The Lost City of Z

2016

Action / Adventure / Biography / Drama / History

345
Rotten Tomatoes Critics - Certified Fresh 88%
Rotten Tomatoes Audience - Upright 64%
IMDb Rating 6.6 10 58711

Synopsis


Uploaded By: FREEMAN
Downloaded 1,476,923 times
July 01, 2017 at 03:55 PM

Director

Cast

Tom Holland as Jack Fawcett
Charlie Hunnam as Percy Fawcett
Sienna Miller as Nina Fawcett
Robert Pattinson as Henry Costin
720p.BLU 1080p.BLU
1.02 GB
1280*534
English
PG-13
23.976 fps
2hr 21 min
P/S 17 / 150
2.16 GB
1920*800
English
PG-13
23.976 fps
2hr 21 min
P/S 19 / 146

Movie Reviews

Reviewed by pyrocitor 5 / 10

Welcome to the Jungle, we got no fun or games

Percival Fawcett - intrepid explorer, whose exploits into charting the Amazon jungle in search of a mystical ancient civilization captivated the world and inspired a generation of adventure writers - would probably fall asleep during his own dour, flaccid biopic. Now, this isn't to say the only way to cinematically interpret Fawcett's life would be to whip-crack into full-blown Indiana Jones (though a film this allergic to fun could do far worse than shallow, Romancing the Stone mimesis). Instead, director James Gray strives to tap into Fawcett's mythos and mystique with the lyrical, abstract profundity of a Terrence Malick or Werner Herzog (indeed, his telling is irreconcilably indebted to Herzog's own parable of jungle madness, Fitzcarraldo). Sadly, he's too clumsy a director to commit to the kooky poetry of his thematic earmarks. Instead, his lolling sequences of Fawcett's crew wandering through the jungle or circumnavigating stuffy British Geographical Society politics - amazingly, equally drab and aimless - at times pleasantly hypnotic, but threaten to turn proceedings into The Lost City of ZZZzzzzzz.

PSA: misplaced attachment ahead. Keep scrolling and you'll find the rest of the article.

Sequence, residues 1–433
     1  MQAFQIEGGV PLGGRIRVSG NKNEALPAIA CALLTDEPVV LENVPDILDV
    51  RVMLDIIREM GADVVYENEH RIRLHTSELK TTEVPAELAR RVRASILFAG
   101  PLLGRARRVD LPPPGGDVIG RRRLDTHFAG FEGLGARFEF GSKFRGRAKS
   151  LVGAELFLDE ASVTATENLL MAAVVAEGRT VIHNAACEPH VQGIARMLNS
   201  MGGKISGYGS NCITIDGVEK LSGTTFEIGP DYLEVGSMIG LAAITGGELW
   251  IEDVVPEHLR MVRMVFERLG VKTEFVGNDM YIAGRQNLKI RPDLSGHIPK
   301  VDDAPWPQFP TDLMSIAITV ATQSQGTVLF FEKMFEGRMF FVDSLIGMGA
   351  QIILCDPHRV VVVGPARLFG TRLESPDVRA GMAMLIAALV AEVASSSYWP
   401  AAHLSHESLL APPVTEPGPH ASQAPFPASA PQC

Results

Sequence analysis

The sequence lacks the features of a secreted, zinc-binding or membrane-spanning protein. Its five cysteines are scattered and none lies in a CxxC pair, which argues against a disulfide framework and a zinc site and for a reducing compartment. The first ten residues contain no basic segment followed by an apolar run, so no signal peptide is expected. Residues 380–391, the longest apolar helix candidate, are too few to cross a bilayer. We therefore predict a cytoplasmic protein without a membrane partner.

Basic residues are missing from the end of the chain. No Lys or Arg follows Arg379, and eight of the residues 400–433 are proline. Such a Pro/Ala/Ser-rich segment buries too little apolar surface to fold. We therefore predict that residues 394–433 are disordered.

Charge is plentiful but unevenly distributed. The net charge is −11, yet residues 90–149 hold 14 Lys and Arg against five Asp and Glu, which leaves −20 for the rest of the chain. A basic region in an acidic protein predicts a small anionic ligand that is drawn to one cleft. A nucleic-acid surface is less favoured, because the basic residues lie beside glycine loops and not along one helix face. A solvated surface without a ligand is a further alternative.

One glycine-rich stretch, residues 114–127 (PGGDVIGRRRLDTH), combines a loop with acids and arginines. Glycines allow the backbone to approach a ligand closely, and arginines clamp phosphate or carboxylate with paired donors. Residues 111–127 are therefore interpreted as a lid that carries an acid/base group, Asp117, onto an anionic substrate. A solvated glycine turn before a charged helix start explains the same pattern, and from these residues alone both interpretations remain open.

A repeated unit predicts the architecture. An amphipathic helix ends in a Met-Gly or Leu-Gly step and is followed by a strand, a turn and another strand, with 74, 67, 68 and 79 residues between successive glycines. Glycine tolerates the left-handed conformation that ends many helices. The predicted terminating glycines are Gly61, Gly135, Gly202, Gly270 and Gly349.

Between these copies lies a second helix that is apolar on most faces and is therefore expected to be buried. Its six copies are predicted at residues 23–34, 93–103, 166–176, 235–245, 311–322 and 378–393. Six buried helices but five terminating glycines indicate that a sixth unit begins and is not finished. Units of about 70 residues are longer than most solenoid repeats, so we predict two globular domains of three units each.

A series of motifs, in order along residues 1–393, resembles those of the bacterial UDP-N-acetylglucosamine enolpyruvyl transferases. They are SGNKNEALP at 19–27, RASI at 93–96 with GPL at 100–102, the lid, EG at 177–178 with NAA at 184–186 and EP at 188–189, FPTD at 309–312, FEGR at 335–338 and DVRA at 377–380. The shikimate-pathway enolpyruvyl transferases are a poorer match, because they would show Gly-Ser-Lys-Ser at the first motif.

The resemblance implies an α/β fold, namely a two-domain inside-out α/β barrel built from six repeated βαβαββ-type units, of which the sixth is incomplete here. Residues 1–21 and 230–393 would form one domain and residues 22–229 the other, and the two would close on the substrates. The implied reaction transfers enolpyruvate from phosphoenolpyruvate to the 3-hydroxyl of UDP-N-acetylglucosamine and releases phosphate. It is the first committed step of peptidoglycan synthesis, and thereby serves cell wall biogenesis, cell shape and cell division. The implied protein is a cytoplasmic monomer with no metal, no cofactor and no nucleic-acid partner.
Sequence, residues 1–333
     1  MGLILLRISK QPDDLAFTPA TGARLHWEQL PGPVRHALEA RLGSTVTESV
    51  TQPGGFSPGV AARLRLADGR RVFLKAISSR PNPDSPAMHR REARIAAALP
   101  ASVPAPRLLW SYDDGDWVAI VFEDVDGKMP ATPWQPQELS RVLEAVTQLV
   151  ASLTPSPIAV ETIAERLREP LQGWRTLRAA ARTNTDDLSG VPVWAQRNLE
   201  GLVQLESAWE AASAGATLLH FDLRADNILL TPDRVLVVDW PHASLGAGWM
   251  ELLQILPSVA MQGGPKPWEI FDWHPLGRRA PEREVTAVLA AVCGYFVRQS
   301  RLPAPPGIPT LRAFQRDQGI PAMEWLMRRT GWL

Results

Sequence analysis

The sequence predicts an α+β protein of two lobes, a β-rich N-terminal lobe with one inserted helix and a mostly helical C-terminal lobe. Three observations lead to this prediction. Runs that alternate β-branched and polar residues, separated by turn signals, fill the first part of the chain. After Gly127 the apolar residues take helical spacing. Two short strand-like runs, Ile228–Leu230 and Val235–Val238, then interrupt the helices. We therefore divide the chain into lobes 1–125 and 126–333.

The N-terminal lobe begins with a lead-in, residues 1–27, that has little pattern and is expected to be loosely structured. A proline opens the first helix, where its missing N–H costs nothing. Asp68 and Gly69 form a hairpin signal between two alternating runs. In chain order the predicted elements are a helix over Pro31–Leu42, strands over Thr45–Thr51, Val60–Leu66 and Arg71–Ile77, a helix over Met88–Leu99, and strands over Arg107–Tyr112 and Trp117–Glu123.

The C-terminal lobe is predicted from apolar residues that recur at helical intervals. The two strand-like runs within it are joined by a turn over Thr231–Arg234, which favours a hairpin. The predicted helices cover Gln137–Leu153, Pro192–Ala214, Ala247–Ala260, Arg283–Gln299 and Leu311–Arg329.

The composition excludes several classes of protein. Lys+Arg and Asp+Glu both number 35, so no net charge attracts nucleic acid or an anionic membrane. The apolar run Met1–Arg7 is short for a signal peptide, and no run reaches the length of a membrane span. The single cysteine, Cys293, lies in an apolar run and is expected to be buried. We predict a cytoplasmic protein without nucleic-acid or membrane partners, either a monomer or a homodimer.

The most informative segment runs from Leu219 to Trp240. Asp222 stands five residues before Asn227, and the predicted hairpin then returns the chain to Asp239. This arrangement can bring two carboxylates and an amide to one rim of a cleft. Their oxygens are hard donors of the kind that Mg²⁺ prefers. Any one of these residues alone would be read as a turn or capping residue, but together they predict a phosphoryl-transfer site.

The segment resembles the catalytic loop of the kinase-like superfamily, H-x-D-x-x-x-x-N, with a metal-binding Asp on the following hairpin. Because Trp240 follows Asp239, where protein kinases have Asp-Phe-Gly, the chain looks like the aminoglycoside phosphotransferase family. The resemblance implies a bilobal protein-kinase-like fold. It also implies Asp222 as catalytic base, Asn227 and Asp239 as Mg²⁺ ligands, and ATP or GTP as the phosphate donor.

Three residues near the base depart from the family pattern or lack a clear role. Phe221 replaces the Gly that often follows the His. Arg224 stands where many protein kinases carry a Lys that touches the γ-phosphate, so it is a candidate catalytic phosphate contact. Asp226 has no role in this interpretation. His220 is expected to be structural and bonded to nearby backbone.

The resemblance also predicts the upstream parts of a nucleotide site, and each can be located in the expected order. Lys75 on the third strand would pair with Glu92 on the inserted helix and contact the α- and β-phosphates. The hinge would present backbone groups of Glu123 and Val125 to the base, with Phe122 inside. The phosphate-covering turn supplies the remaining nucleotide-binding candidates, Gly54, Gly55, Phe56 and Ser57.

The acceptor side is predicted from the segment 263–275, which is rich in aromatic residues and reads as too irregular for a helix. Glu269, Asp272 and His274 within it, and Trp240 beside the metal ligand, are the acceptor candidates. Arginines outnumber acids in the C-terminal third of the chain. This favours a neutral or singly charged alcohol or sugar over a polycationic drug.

Fawcett's memoirs tell of encounters with 60 foot snakes, deadly spiders, and enough peril and adventure to galvanize Sir Arthur Conan Doyle to write The Lost World. These tales may have been tall (who's to say? are YOU going to forage through the jungle to fact check?), but it's a rare exercise in cinema purposefully downplaying the fun factor of its source material. The film starts promisingly: after an effectively squirmy opening with Fawcett failing to advance through the ranks of claustrophobic military culture in rural Ireland thanks to disgraced parentage, Gray bequeaths us a fun Ian McDarmid cameo as the evil Emperor of Geography, whose ominous monologue hypes the exotic perils of the jungle, stopping just shy of him purring "Goooood. Goooooood!" So far so good (gooooood!). But, after a thrilling (not) foray into the fine details of cartography, we finally follow Fawcett into the jungle. And wait. And walk. And wait. And cough. And fidget. And try not to check our phones, but my goodness, is that the time? But don't worry: you've two hours of more of the same awaiting you.

(I could tell, as a Canadian viewer, that my crowing this triumphantly at hearing the titular legend correctly[!] pronounced as 'Zed' rather than the customary big-screen 'Zee,' was a sign of how dire the cinematic experience was here )